I have been "gainfully employed" (as my Dad calls it) for a week. Well, I've been working for a week. It seems like I've actually had the job for a month now. It's going pretty good. If you don't remember, I'm one-on-one in a exceptional education class with a guy who is non-communicative, has Cerebral Palsy and displays Autistic characteristics. Certainly it is frustrating to hang out with someone for six point five hours a day who cannot talk. But I enjoy it, I think. I've only been hit a couple of times and bit once. Not too shabby. It's a lot better than Laurel Oaks, but probably equal with daycamp. You know how those New Orleans city kids are.
So as the story goes, today I was in the teacher's lounge during lunch. This was a crazy-earth-stilling moment for me in itself. Never in my wildest dreams would I have ever thought I would be sitting in the teacher's lounge at Eau Gallie High School. Even as a teen, I would see myself in a band or a millionaire before a teacher's assistant. Anyway, I'm sitting there eating my lunch and a younger-looking guy comes in and starts talking to me. After a few minutes of banter, I gather my belongings and throw my trash away. My intent was to inquire his position within the school, but I asked him his name first. He told me his name was Mr. S and that he was a substitute. Cool. I introduced myself and said I had to get back to class. He then asked what class I have. I informed him that I'm a teacher assistant in an ESE class. Mr. S chuckled for a second and then told me he thought I was a student. I looked dumbfounded for sure. All I said was, "Nope" (I actually said more but that isn't really here nor there). He told me to take it as a compliment. I told him I would when I was fifty. The other day the cafeteria lady thought I was one of the special ed. kids. She asked the teacher, "Does the new student want breakfast?" Now I ask you, how should I take that?
As I sit here, Wilma is slowly coming our way. And yes, I know I don't live on the west coast of Florida. However, we're under a hurricane watch, followed by warning later on tonight. I don't have to work tomorrow too, which means this is a bigger deal than it might seem. Anyway, here are some photos from my trip to New Orleans.
The fourteen foot Budget truck that I had to help drive for nearly six of our fourteen hour drive back.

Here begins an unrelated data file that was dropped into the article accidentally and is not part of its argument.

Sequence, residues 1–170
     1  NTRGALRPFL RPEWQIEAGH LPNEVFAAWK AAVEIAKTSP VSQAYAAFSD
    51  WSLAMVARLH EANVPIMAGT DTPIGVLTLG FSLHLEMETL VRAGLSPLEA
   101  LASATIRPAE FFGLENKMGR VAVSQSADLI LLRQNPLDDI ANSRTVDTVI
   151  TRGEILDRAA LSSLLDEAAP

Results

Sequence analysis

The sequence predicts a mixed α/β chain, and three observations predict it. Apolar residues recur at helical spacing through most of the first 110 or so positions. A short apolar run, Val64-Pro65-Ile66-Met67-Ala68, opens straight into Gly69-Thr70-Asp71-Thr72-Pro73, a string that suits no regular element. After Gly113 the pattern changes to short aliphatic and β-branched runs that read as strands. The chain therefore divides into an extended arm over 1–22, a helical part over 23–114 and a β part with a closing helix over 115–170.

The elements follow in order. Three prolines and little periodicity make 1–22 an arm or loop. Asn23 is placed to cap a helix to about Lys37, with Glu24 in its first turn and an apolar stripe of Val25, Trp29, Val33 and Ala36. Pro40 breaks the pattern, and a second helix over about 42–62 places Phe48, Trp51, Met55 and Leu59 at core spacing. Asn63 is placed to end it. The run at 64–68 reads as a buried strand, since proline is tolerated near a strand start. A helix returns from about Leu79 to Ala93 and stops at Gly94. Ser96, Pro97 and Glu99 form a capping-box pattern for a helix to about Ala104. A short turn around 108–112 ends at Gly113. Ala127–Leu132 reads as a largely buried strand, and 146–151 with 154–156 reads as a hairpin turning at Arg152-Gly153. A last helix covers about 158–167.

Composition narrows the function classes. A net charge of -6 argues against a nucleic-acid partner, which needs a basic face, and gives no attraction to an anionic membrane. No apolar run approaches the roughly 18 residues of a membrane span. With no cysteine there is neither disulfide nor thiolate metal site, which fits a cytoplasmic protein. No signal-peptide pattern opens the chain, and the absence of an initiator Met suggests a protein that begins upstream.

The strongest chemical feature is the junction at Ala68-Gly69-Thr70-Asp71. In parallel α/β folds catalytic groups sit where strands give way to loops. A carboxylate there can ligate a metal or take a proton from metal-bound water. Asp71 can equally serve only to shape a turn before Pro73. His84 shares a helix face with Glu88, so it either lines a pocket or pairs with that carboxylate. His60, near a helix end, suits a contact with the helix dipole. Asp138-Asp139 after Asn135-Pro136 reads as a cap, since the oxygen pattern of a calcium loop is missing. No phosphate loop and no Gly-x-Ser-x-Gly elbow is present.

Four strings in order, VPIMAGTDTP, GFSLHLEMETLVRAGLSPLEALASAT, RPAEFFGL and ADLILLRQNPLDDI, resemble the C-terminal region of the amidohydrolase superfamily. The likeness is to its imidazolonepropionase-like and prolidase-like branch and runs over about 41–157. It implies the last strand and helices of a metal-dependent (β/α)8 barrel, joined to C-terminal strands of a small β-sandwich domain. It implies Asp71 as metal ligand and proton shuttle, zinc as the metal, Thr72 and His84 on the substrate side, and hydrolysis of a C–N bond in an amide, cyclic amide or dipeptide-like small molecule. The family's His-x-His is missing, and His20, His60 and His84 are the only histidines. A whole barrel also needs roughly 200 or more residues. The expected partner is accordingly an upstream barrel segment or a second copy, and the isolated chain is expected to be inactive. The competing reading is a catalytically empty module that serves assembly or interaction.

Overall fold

As we were leaving Florida and entering Alabama on I-10 west, you could see the trees starting to shift and lean. The closer we got to the city, the more damage there was.
This was on I-10 West going over Lake Pontchartrain. Those are some of the oil refineries that paint the Gulf Coast.
This is also from The Causeway over the lake. Those trees were big and leafy once.
In New Orleans, near Gentilly Street. This is the Louisa Street North exit off of Interstate 10. You can still see water on the ground a month after the storm.
A local business (I think it was a Goodyear Tire place). It fell victim to both, wind, water, and looters.
As you enter the gates of the New Orleans Seminary, this was a long patch of very green grass and some more big Oak Trees. Now it looks like mulch. And you were never ever allowed to drive or park your four-wheeler on it.
These are some cars that remained on campus during the storm. They were moved and covered by the waters of the canals and lakes that flooded the city.
In the playground of the preschool, these utility workers try to restore power to our fallen campus.
This is a shot of the parking lot against the train tracks, which are known as Gentilly Ridge. Theoretically, this is the highest point in the city. Those trees used to line up perfectly with the tracks.
Another shot further down of the downed trees on the west side of campus.
My dorm. If you look closely, you can see where the water got to. The first floor was covered by two or three feet of water. I wish I had a picture of the inside. It was dark and covered with mold.
This is the gym I spent everyday in this past summer. Water still remains on the ruined hardwood floor.
Sunshine Park, another spot where we took the kids much of the summer and where I spent some of my own personal time at. The pavilions were demolished and a very large tree almost landed on Michael and Leah's apartment.
I feel better. Thanks for your prayers. I have a lot to do before Thursday afternoon. I am fixing to get McDonald's breakfast. That always makes things better. Then I will sleep, only to get up five hours later, to complete more tasks.
I got most of my stuff from New Orleans. Now, let's see if I can keep my stuff, again, and outlast this Category 5 that looks to be heading my way after it makes landfall on the southwest side of Florida.
It's so weird, but I am hurting. Hurting in itself isn't strange; it's happened before. But right now, I am so overwhelmed with life, I just can't stand it. I feel like I have no time, but all I have is time. I finally printed and looked at my syllabus for classes online the other day, only to realize I had stuff due by midnight. Now, I'm way behind, with the only hope of getting a C on a few assignments because they are late. I'm going to try to drop the class, or maybe withdrawal tomorrow. I can't get it together and I don't know when it will happen. I want to cry, but I can force it. I feel like I have no one to talk to, even though I know I do. When I try, I can't get it out. I'm pretty sure God is getting tired of me (although I know he's not). I just am at a spot where there is hope, but I just don't know how to go about getting it. It's so weird. I've even contemplated going to a counselor. I've never wanted to do that. Anyway, just pray for me. Please don't comment. I wouldn't respond anyway.